Natal: a mystery to me!
I have to be honest and admit that I don't really get Natal. I have been, once, back in 2002. It's a pleasant enough place, but quite why it's been singled out as a tourist destination is a mystery to me. That's not to say I dislike Natal and its surroundings - I enjoyed my time there very much - but it doesn't have the wealth of things to see and do that other parts of Brazil do. Yet when I visited it was a magnet for Scandinavian tourists and since then it's taken off as a destination for other European travellers.
I stayed in a hotel in the city of Natal itself, which appears to centre around a motorway (our hotel was by the side of it). We had to take buses to go anywhere, including the tourist centre and museums in the smallish town. These were not convenient to say the least.
"Reasons to visit"
You should see Natal not so much for the city itself, but as a base from which to visit the beaches of Genipabu, Pipa and Ponta Negra; it's in between these destinations, making it a perfect location.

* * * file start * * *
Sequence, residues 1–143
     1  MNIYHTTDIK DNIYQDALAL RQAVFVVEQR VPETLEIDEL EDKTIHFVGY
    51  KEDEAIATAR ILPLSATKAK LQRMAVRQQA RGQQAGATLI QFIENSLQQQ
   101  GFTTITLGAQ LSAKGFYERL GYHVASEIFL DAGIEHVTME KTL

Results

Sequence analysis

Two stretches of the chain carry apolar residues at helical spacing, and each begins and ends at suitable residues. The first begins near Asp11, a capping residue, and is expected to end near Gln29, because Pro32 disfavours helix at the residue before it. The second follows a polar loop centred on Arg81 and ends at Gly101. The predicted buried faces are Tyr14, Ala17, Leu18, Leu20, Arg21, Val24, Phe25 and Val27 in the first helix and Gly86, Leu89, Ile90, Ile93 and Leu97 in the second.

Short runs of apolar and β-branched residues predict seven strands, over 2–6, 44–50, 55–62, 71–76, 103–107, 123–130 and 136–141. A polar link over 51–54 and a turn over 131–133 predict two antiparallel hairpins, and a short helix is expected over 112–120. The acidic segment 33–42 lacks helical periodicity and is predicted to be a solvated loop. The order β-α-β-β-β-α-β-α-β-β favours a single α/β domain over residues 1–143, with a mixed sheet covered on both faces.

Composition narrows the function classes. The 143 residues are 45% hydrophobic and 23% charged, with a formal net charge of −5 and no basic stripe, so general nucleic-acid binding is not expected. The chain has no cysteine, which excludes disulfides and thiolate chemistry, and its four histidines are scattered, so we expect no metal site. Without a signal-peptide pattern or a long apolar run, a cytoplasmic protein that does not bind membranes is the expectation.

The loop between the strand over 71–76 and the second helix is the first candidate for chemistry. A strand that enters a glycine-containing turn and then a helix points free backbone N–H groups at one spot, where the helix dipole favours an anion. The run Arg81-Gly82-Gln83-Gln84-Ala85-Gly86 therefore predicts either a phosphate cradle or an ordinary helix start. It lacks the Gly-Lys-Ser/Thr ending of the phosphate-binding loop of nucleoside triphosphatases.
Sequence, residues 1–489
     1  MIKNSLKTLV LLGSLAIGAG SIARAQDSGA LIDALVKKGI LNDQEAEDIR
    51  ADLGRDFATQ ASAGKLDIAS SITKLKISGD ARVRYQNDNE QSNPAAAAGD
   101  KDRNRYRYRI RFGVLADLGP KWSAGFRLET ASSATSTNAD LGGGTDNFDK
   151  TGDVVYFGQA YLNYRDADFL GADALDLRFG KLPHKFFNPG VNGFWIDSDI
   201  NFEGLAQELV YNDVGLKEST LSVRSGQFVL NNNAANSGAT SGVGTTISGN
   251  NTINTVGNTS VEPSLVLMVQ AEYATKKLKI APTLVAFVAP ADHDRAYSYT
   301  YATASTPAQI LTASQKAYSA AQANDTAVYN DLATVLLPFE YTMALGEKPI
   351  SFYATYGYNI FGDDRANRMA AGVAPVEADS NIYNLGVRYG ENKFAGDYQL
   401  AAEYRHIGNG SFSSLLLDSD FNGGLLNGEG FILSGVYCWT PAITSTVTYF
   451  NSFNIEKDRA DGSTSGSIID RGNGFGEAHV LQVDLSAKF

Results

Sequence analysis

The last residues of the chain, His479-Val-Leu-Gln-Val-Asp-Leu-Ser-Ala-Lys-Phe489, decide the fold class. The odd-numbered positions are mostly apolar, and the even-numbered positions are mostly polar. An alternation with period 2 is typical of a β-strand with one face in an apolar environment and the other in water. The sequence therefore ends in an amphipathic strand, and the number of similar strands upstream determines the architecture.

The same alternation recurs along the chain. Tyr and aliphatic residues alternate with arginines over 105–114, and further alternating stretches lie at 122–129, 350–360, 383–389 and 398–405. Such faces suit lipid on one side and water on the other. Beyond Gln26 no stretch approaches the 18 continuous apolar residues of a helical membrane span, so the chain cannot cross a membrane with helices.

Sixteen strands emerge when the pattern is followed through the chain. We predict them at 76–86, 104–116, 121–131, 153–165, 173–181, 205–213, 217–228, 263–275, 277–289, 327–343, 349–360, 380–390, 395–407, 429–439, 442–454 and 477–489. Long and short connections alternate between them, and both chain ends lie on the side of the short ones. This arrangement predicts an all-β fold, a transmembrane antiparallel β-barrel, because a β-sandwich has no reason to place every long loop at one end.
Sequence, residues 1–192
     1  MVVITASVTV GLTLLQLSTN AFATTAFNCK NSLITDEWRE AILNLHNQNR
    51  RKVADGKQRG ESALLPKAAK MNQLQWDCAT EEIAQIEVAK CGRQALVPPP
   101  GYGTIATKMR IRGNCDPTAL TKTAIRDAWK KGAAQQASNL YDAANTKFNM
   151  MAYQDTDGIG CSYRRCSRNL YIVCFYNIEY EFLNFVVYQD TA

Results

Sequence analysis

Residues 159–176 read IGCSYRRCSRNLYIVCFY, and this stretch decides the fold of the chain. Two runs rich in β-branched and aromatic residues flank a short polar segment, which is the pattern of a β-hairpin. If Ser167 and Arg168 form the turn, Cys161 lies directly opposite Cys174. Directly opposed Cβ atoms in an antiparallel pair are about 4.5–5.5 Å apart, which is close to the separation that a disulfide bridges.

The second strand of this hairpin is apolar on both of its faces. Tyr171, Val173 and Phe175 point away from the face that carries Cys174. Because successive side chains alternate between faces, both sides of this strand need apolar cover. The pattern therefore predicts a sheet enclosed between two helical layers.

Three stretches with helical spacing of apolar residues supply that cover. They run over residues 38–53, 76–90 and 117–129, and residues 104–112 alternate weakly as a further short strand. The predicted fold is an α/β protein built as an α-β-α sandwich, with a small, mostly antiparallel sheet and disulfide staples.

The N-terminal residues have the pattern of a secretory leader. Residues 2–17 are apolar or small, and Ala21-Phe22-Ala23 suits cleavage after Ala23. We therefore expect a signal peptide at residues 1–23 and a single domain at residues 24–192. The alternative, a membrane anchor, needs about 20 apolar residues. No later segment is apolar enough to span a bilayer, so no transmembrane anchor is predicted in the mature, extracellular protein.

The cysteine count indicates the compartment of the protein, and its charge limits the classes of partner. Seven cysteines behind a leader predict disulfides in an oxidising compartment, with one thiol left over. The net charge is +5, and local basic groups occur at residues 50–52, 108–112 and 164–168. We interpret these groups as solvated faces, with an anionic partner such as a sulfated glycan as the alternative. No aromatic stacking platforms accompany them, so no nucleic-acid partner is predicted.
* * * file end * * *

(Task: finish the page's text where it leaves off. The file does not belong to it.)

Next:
The initial inspiration for our own trip was to see the world's biggest cashew tree (in Genipabu) and we did not leave disappointed - I never thought I would be so delighted by a tree!
The reason we went at the time was to experience Natal's calmer take on the festival, which mainly centres on a parade featuring giant puppets. It is an interesting celebration, and is closer to the Portuguese traditions. We had a really enjoyable and chilled-out night eating on the beach and watching the celebrations.
"Natal the city"
What Natal does offer as a city is an insight into the culture of the North East. Having come from Salvador on my first real trip outside that city, I was struck at the very different feel of Natal. And that sense is strongest away from the touristy centres. Even a trip to the mall or a short bus ride brings it out. People look very different here to other parts of Brazil and their attitude is different - one of the real pleasures of travelling in Brazil, as I have discovered, is the idea of the preservation of very distinct cultures. And the people of Rio Grande do Norte are largely charming.